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Progressive Rock CD Reviews


Nothing Exists

Review by Gary Hill

This album used to be available only as an LP. It is getting its first CD release now, although it was the first album from Copernicus. Copernicus is essentially a poet who delivers his nihilistic message (he believes that from a scientific point of view, based on quantum physics, that all of what we perceive as reality is non-existent and an illusion) over intriguing progressive rock music. This moves between RIO territory, space rock and other types of music. It’s always intriguing and entertaining. It’s amazing how music this bizarre can be so catchy.

This review is available in book format (hardcover and paperback) in Music Street Journal: 2010  Volume 3 at

Track by Track Review
I Won't Hurt You

Percussion starts this and then an exceptionally low and rubbery bass line joins. When the keyboard and other aspects join I’m reminded a bit of Roxy Music. Copernicus’ recitation seems inspirational and there are some cool backing vocals on this track.

This starts with a very stripped down arrangement. Copernicus’ recitation here is less powerful than on the previous number, but this is in many ways a more interesting track. It’s more purely progressive rock oriented and grows up gradually. There is a lot of RIO on this, but it’s still quite accessible in an odd way. As the arrangement gets more involved it’s really very stirring. It does get noisier as it carries on, but it drops back for a wispy female vocal to take it out.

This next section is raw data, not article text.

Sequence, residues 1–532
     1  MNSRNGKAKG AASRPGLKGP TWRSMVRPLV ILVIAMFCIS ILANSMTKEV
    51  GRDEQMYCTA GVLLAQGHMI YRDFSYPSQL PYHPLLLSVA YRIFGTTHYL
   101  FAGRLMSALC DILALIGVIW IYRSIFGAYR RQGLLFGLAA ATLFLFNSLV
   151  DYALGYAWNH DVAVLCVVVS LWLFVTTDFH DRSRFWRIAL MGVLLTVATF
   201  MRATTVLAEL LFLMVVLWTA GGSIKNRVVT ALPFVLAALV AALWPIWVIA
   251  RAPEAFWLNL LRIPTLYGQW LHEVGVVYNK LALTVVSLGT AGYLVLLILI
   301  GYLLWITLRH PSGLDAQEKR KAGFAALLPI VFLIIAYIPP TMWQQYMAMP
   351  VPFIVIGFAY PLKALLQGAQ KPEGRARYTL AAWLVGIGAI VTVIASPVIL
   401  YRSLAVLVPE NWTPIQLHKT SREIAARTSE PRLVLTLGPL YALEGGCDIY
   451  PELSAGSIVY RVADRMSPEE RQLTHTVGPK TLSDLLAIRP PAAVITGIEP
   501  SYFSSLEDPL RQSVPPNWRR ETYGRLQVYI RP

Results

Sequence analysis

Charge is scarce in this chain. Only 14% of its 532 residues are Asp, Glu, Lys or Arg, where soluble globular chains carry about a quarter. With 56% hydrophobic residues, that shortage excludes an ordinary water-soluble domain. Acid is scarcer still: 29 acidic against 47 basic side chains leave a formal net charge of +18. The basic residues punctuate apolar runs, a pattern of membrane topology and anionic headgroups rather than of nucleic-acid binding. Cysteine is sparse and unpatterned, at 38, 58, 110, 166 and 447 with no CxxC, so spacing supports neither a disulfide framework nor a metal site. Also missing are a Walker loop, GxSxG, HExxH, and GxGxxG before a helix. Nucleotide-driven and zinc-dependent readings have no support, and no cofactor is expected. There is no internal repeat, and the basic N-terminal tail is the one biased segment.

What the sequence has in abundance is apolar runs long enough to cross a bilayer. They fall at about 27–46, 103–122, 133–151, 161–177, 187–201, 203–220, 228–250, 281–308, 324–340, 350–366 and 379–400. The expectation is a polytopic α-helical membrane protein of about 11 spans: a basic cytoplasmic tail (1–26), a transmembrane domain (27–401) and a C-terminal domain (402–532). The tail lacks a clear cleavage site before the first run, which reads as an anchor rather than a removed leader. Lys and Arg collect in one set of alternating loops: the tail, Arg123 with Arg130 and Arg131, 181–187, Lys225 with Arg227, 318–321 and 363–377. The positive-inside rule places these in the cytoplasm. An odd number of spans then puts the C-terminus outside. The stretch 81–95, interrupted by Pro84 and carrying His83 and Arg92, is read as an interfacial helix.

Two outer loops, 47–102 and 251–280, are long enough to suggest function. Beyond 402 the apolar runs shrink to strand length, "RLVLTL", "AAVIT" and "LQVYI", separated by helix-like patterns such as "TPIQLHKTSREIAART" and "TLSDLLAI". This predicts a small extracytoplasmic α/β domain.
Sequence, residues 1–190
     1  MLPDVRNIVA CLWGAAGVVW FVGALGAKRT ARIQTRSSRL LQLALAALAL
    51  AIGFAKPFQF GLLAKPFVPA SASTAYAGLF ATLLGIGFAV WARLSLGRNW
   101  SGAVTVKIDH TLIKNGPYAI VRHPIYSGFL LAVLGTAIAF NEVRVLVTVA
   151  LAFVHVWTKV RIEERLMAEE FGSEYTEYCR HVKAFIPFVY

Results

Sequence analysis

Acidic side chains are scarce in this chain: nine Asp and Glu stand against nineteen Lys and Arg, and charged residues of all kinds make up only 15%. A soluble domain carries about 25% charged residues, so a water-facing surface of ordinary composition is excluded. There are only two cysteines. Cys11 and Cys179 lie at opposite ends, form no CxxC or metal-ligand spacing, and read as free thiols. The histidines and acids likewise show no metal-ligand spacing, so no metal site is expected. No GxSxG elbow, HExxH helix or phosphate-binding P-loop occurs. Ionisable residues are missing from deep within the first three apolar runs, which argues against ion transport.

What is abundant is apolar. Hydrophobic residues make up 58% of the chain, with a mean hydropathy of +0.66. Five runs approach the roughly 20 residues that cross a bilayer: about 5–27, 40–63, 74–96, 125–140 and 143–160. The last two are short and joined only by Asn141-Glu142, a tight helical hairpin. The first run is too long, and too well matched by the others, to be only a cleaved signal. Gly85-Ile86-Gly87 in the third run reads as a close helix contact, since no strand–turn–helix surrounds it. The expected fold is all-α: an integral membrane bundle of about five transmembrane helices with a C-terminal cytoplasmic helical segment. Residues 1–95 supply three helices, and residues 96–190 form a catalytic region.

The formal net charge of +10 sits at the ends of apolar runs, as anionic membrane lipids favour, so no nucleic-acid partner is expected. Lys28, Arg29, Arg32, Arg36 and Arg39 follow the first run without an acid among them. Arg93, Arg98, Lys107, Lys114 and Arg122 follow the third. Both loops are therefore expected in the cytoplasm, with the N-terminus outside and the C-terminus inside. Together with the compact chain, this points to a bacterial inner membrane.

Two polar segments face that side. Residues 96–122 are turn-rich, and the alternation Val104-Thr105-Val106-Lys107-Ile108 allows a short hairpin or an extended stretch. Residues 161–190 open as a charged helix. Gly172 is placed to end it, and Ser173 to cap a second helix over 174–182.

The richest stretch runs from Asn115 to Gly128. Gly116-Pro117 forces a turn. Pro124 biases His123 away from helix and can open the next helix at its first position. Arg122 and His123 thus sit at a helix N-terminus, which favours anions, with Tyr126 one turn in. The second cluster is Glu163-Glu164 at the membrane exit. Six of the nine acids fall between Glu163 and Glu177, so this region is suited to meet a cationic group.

I Know What I Think
After Copernicus says, “let the musicians declare war,” the group launch out into a free form sort of jam that’s part RIO, part Traffic part King Crimson, part Zappa, part Hawkwind and all weird. Still, it’s somehow catchy. I can make out some Doors later, too. This is a killer jam that really does have a lot in common with the noisier free form Hawkwind music. 
Very noisy and yet very creative, this is the weirdest cut thus far. It’s also oddly compelling. I like this a lot and I am not a big fan of noise music. 
Let Me Rest
This track is the longest on the disc, weighing in at over eleven minutes in length. It is one of the more unusual pieces, working in a format that seems both organic and freeform. It is very much a performance art type of piece in its dramatic delivery, but the music is intriguing if enigmatic. 
Much of this cut makes me think of the more theatric, weird Hawkwind sound. It pounds through like this until the outro which is a stripped down recitation. Of course, that, too makes me think a bit of Hawkwind, but also of Gong.
Atomic Nevermore
This song doesn’t vary a lot from the previous one, but it’s still strong and still cool.
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